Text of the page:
While some Essure removal experts have been able to retrieve the devices through “microsurgery,” leaving a patient’s uterus and Fallopian tubes largely intact, many women have been forced to undergo full hysterectomy procedures.

Follow These Steps – Before Essure Implant Removal

Some patients have even learned that their implants had broken or moved out of position, piercing neighboring organs and making all but the most invasive surgeries impossible. This can be terrifying, but for the many women who have expressed an interest in filing Essure lawsuits, removal procedures become critical for another reason: gathering evidence.

Essure Removal Procedure Infographic

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Our attorneys have spoken to hundreds of women who have received Essure birth control implants, only to suffer a litany of severe side effects. Severe pain, abnormal bleeding and even autoimmune disorders have all been linked to the medical devices, which now seem more associated with hardship and trauma than effective prevention of pregnancy. In hopes of preventing further pain, many patients have sought out medical attention, and asked to have their Essure implants removed. But retrieving the coils, which are permanent, has proven to be an ordeal in itself.

8 Essential Requests To Preserve Evidence

Here are 8 things to demand from your medical professionals, before you undergo an Essure removal procedure. Along with the advisement of your legal counsel, follow these steps to ensure that you keep all the evidence possible for your case:

  1. Ask your doctors to document the entire removal procedure with photos, including their “gross examination,” a visual inspection of any organs and tissues, along with the Essure implants, removed during the process.
  2. Your doctors may choose to remove your uterus and Fallopian tubes intact, in a procedure called hysterectomy with bilateral salpingectomy. This is the surgery with which most doctors will be familiar, and comfortable. Specialists, on the other hand, may attempt to remove only the Fallopian tubes, and then “unscrew” the implants from the uterus. In either case, the implants should remain intact, rather than be cut or pulled from the uterus.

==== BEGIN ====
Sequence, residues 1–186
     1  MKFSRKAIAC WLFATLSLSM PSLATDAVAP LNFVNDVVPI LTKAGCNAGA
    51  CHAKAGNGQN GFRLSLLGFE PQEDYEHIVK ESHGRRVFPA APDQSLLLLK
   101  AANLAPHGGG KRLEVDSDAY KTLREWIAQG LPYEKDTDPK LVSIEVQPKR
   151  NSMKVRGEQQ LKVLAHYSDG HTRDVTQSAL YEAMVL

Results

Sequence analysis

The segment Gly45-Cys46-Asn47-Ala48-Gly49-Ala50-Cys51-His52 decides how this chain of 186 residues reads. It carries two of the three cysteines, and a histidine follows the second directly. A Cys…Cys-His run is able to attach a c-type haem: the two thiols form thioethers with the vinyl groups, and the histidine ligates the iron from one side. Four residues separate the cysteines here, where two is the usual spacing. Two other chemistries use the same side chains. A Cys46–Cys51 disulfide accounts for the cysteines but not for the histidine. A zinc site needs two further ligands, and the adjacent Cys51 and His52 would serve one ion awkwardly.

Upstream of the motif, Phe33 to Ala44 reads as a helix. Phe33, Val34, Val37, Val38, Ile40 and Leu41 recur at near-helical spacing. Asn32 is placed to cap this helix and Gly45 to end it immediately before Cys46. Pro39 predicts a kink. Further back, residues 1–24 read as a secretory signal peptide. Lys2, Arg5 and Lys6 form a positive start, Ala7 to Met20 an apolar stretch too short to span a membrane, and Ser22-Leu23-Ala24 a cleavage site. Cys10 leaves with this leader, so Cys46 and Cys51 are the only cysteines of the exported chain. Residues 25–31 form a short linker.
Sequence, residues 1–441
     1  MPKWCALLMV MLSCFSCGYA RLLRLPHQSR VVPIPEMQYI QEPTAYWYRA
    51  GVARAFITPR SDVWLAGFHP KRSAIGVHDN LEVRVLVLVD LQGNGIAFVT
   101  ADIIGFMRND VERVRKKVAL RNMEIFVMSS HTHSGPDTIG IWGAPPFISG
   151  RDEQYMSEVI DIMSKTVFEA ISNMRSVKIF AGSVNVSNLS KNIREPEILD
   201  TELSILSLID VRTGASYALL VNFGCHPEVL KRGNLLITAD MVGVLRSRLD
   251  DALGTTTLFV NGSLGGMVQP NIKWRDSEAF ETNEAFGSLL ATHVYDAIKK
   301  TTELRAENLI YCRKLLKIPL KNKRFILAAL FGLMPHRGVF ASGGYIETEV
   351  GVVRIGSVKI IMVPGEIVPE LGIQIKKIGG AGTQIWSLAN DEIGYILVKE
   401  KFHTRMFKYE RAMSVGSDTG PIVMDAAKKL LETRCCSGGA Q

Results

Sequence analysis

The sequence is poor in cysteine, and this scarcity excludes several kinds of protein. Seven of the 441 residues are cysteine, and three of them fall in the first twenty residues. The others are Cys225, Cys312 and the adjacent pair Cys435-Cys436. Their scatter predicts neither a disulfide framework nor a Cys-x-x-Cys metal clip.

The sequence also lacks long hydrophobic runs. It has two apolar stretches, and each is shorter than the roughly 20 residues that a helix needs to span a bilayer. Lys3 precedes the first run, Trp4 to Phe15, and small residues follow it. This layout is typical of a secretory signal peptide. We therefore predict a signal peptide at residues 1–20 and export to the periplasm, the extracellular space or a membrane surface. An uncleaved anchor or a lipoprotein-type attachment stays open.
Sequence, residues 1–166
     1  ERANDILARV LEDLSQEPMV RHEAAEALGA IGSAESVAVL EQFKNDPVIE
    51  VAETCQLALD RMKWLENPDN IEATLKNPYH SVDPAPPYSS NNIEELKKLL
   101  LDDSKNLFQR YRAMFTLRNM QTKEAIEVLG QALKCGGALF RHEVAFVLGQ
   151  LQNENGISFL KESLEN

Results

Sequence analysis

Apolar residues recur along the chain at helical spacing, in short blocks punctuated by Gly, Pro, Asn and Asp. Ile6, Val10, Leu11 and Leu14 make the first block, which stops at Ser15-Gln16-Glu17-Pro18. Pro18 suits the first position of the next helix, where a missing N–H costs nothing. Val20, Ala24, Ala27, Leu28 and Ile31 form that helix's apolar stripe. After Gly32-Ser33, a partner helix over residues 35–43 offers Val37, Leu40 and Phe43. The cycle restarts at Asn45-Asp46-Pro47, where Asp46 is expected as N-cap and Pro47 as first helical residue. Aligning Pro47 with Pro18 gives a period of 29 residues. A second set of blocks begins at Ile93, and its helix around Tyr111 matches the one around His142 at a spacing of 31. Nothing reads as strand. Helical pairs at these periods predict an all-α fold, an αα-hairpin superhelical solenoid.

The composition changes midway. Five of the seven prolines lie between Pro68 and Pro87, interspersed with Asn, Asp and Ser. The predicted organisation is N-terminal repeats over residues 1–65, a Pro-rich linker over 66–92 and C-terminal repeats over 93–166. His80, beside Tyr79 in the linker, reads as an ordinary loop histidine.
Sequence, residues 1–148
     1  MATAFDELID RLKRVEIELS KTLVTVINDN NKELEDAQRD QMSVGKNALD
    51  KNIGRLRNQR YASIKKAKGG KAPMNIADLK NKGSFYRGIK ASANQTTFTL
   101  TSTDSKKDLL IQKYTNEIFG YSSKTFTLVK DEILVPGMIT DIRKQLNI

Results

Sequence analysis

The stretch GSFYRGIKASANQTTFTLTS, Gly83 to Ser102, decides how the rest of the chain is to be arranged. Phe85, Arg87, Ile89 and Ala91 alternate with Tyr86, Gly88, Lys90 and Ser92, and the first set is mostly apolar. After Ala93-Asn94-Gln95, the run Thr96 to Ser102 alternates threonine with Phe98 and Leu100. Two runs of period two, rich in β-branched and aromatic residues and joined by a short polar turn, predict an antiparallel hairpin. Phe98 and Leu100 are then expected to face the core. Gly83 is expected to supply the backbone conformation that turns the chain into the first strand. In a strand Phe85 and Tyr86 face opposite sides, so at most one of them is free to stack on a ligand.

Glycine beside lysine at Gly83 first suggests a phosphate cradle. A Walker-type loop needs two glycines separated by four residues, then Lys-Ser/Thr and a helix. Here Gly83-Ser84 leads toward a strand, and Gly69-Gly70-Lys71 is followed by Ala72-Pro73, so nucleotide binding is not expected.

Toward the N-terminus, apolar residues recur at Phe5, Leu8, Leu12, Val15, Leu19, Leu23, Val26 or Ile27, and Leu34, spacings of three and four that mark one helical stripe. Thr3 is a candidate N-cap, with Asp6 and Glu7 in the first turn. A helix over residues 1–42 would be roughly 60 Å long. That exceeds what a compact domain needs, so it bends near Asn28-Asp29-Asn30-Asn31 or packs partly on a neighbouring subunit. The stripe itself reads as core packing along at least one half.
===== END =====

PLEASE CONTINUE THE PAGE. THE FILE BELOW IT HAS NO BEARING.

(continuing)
3. If a Fallopian tube is removed, it should be “sectioned,” essentially dissected into equal segments at 4 millimeter intervals.
  4. Any and all materials removed during the procedure should be preserved, including the Essure implants themselves, and all fluids, organs and tissues. Request copies of every medical record that’s made, and also ask that any paraffin blocks (used for histological analysis, the microscopic inspection of cells and tissues) and slides that are created be preserved.
  5. Organs, tissue implants and the implant coils should be kept in a preservative fluid like formalin, a solution of water and formaldehyde gas.
  6. The hospital may send some or all of the removed tissues for pathologic examination. Have your doctor and your attorney request these specimens for litigation purposes after they’ve been analyzed.
  7. Request that any specimens be transferred into the custody of the hospital’s pathology department chair or risk manager to prevent them from being destroyed.
  8. Finally, require your own personal written consent before any of the tissues, organs, slides, paraffin blocks or components of the Essure device are sent to Essure’s manufacturer.

Please consult your attorney about making these requests formal, by sending a “Preservation Request” to the hospital’s doctors, pathology department and risk manager (an employee who works to prevent situations that might open the hospital up to legal liability). Taking pro-active steps to preserve evidence can only strengthen a future case.

We also urge you to report your side effects directly to the FDA. To learn how, and raise your voice for women’s health, click here.